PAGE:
Home / Columns / This Week in Milwaukee / Oct. 16-Oct. 22
Wednesday, Oct. 15, 2008

Oct. 16-Oct. 22

This Week in Milwaukee

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Thursday, Oct. 16

Minus the Bear w/ Annuals and Themes @ Turner Hall Ballroom, 7 p.m.
With their twisty, tangled guitars and number-crunching chord changes, Minus the Bear sound increasingly disconnected from a greater indie-rock scene that now prefers manic, cute-overload pop or tranquilized, NPR-friendly troubadours, but that’s part of their growing appeal. Of course, it also helps that this Seattle group has honed its craft over recent albums and EPs, moving from the calculated stiffness of early releases toward warmer, sweeter songs. Their latest is an online/tour-only EP called Acoustics, which strips down six fan favorites and introduces a new one, the windswept “Guns & Ammo.” Openers Annuals strive for greatness on their just-released second album, Such Fun, pushing their chugging, pittering, pattering, blooping soundscapes toward Arcade Fire-levels of grandiosity. The group is still too green to always evoke the desired goose bumps, but when they do it’s worth hearing.

Merle Haggard @ Potawatomi Bingo Casino, 8 p.m.
Merle Haggard was integral in popularizing some of country’s most memorable movements, from the rugged, electric Bakersfield sound to the outlaw country aesthetic and later the Western-swing revival. His true legacy, though, is his songwriting. Like so many of the genre’s greats, his canon is marked by conflicted patriotism and fluid politics. His signature song, “Okie from Muskogee,” is either a loving tribute to or a scathing indictment of conservative values, depending on the performance, and his turn-of-the-century output has documented his ever-firming opposition to the war in Iraq in real time. In keeping with the leisurely pace and casual mood that have defined his mostly excellent output this decade, Haggard’s latest album is an informal affair self-explanatorily titled The Bluegrass Sessions.

Friday, Oct. 17

The Animation Show @ Times Cinema, 7 p.m.
The 2008 installment of The Animation Show, the country’s last major touring animation festival, is the first not to include contributions from festival founders Mike Judge (the “Beavis and Butt-Head” creator who is presumably busy with his current television commitments) and Don Hertzfeldt (who quit the festival for unknown reasons earlier this year). Festival mainstays Bill Plympton, PES and Georges Schwizgebel are well represented with new features, however, and rising star Steve Dildarian makes his festival debut with “Angry Unpaid Hooker,” a characteristically awkward short starring his Tim character, who now has his own HBO show. (Through Oct. 23.)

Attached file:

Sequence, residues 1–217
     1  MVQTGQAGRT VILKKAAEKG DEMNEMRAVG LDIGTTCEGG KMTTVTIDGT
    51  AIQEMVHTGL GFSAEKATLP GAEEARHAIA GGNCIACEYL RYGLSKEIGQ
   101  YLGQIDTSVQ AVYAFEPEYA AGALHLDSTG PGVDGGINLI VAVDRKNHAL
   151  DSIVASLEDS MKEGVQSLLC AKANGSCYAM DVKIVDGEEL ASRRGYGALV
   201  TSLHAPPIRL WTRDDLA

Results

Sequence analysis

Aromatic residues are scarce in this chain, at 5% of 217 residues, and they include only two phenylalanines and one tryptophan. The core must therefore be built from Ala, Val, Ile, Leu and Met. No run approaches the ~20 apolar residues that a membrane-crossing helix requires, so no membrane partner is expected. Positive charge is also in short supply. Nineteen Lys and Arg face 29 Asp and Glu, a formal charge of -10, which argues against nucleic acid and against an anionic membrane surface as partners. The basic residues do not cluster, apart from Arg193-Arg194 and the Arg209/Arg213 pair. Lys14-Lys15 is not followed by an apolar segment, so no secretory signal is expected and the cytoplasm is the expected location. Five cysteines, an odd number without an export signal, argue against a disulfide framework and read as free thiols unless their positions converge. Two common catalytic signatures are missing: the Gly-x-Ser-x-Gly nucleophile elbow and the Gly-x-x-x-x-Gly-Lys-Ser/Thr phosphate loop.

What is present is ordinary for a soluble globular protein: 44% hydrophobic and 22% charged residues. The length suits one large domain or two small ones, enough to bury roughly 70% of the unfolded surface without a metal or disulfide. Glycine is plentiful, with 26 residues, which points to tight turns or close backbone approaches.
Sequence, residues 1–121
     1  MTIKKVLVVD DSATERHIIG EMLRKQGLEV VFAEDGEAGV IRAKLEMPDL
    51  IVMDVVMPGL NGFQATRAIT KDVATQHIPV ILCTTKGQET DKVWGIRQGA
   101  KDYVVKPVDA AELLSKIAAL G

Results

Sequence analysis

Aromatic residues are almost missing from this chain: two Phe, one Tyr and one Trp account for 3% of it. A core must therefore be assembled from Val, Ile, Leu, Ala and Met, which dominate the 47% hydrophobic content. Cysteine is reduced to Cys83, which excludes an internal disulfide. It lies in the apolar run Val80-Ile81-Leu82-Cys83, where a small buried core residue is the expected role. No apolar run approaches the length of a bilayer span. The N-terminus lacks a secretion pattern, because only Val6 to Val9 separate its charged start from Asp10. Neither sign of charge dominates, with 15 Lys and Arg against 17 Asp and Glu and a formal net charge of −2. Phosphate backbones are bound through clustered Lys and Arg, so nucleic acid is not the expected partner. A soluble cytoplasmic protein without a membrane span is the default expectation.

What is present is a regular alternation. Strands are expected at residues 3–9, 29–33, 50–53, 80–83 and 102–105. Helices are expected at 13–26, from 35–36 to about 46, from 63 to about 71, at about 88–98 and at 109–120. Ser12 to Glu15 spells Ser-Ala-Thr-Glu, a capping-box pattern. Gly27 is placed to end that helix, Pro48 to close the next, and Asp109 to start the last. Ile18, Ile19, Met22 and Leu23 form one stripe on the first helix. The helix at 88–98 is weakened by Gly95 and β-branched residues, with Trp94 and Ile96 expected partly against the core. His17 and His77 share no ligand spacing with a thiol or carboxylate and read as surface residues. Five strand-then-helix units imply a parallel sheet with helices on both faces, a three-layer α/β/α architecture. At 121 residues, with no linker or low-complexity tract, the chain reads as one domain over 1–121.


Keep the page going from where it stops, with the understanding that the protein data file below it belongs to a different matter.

Joel McHale @ The Riverside Theater, 8 p.m.
As the sharp-tongued host of E!’s “The Soup,” Joel McHale skewers the usual celebrity targets (Lindsay Lohan, Paris Hilton), placing an ostensible focus on trash television. Ironically, McHale has become the very sort of television personality he often lashes, raking up a slew of appearances on shows like “Iron Chef America,” “Last Comic Standing” and the swiftly canceled “Thank God You’re Here.” He’s even become a staple of MSNBC’s “Countdown with Keith Olbermann,” where he frequently drags the staid political commentator down into pop-culture mud with him. He’s one of the few E! personalities with a sense of awareness about the channel. In his live act, he regularly concedes, “I work for the Ryan Seacrest network.”

Saturday, Oct. 18



The B-52s @ The Pabst Theater, 8 p.m.
Little-changed since their late-’70s reign as the kings and queens of Athens’ onceproud college rock scene—or, for that matter, from the late-’80s stardom they amassed when “Love Shack” became the country’s favorite party song—The B-52s returned after a 16-year studio hiatus this year for Funplex. Though they’re now set to bigger, more modern dance-club beats, their songs still ring out with the boy-girl backand-forth and the campy declarations of freakiness that made this would-be novelty group so enduring. Funplex’s title track has even returned the foursome to the radio, albeit mostly to the college radio where they got their start, not the Top 40 where they made their fortune.